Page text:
Date: 02/11/2015 | Corporate
What is an earn-out?
An earn-out is a mechanism often used in corporate acquisitions whereby all or part of the purchase price is based on the post-completion performance of the target company acquired (the “target company”). Typically earn-outs are linked to the financial performance of the company over a certain period of time, and can be based on criteria such as the sales turnover, net assets or a combination of both.
What are the facts of the case?
Treatt plc v Barratt and others  EWCA Civ 116, concerned the sale by Barratt (B) of the entire issued share capital in two companies to Treatt (T) pursuant to a share purchase agreement. The purchase price payable by T for the shares was structured as an earn-out. The earn-out consideration was calculated by reference to the aggregate pre-tax profit or loss of the target companies and their subsidiaries as shown in the audited accounts of the target companies over a defined two year period. The buyer was required to provide notice of the earn-out consideration to the seller following completion.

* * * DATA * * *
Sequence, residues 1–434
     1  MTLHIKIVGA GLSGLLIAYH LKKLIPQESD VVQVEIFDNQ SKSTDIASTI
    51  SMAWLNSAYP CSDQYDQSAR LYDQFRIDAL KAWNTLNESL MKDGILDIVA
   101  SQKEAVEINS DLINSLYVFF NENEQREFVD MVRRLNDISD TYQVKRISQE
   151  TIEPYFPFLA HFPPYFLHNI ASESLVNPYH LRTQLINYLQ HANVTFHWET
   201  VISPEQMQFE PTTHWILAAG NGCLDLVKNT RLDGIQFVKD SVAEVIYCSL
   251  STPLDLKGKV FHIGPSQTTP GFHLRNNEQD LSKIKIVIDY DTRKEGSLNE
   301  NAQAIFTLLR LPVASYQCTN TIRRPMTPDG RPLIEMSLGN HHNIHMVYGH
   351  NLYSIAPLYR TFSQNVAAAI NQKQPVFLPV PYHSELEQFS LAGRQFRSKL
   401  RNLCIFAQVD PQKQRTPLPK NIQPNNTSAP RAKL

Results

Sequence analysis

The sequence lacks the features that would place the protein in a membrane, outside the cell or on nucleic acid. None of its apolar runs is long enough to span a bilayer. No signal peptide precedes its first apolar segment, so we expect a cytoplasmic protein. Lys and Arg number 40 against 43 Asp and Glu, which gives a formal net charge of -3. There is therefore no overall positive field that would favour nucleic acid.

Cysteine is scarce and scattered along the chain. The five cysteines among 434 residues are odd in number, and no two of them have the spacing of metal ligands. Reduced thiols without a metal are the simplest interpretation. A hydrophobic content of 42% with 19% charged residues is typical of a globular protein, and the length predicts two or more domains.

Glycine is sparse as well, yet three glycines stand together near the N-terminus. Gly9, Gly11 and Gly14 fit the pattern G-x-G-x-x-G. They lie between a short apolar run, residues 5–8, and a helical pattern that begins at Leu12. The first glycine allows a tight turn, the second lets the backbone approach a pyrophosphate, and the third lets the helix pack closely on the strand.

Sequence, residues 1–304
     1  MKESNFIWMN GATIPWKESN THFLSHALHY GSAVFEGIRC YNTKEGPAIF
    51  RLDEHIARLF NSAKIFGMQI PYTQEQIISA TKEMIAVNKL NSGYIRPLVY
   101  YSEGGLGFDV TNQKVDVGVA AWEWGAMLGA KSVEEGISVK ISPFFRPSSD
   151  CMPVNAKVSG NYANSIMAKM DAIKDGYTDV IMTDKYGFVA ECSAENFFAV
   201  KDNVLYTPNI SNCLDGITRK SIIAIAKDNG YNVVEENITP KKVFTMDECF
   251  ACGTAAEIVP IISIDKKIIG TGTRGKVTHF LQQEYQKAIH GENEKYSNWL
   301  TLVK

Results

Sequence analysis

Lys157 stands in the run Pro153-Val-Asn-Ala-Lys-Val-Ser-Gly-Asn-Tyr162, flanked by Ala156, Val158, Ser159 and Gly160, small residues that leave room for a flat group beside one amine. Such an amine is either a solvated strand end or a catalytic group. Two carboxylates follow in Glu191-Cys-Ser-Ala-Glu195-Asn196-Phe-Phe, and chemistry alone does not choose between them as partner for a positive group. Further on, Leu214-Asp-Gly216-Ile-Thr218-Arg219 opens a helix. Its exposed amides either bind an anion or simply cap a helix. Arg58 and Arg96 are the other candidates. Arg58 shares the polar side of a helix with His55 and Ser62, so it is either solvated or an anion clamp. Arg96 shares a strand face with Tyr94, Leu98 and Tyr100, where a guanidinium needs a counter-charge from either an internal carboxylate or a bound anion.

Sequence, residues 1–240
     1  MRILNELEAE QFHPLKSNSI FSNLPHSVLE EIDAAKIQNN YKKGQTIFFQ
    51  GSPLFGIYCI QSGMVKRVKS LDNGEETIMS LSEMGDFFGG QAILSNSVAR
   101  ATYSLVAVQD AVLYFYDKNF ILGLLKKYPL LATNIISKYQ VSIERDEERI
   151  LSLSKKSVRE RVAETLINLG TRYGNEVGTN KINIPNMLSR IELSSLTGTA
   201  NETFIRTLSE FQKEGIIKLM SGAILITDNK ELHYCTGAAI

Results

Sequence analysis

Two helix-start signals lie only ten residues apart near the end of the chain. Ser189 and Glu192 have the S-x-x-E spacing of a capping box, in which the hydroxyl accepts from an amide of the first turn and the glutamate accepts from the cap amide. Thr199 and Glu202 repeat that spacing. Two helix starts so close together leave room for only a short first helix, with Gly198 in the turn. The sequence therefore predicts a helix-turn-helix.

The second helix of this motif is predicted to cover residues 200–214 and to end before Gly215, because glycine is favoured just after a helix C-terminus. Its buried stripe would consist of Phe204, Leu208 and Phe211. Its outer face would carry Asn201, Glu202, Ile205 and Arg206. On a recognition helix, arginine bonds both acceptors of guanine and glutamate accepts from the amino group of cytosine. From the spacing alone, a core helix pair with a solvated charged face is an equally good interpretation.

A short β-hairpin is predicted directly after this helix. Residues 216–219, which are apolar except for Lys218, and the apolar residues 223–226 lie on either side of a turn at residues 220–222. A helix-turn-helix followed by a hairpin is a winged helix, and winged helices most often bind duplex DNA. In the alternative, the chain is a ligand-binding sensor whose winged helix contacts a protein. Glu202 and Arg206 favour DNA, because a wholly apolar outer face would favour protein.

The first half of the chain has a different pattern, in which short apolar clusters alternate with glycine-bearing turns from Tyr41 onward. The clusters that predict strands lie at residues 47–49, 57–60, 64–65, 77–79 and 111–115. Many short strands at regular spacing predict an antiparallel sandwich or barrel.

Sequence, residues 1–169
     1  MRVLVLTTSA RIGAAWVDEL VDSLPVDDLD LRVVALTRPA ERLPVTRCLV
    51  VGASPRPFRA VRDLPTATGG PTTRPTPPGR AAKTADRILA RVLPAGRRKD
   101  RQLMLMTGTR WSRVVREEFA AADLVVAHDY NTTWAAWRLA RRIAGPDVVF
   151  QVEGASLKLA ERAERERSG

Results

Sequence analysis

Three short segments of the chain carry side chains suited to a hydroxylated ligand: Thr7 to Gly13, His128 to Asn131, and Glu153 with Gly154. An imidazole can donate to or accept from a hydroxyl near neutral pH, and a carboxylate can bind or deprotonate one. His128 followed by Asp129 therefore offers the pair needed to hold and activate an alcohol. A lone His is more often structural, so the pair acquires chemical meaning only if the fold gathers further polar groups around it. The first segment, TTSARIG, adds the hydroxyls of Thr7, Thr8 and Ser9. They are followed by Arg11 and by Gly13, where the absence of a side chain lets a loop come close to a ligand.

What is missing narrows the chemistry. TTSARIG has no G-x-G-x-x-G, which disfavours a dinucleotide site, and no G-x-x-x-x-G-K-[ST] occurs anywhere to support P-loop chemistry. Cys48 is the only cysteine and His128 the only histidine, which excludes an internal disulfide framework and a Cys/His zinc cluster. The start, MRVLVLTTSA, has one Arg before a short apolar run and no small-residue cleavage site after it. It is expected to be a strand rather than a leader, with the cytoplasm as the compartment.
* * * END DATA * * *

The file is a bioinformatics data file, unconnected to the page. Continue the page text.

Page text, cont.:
The share purchase agreement set out the mechanism for calculating the earn-out, the financial information that the earn-out should be based on; the way in which the buyer should send the earn-out notice to the seller, and the timeframe in which it was required to do so.
Shortly after completion, the buyer changed the accounting period of the target companies. This meant that the earn-out specified in the earn-out notice issued by the buyer was not based on the profits made during the financial periods that had been specified in the share purchase agreement, but on accounts for a different period.
The seller challenged the earn-out notice as being invalid because of this, and both the High Court and Court of Appeal agreed.
The Court of Appeal stated that the earn-out calculation provided for in the share purchase agreement was a “contractual protection of real importance”, and was not a “mere formality”. Further, they stated that the error in question could not be compared to an accidental mathematical error in calculation. This, the court made clear, would not have invalidated the notice – but failure to follow the proper contractually defined earn-out formula did. The court considered the earn-out notice to be “wholly non-compliant” with the contractual obligations contained in the share purchase agreement, and as such the notice was invalid. The effect of this meant that the earn-out had to be referred to an independent arbitrator to be determined.
Earn-outs are frequently used in corporate acquisitions, and as such, this case acts as a useful reminder of the following things:
If you would like advice on earn-out provisions, or anything contained in this article, contact me on 0131 625 9191 or via email: email@example.com.
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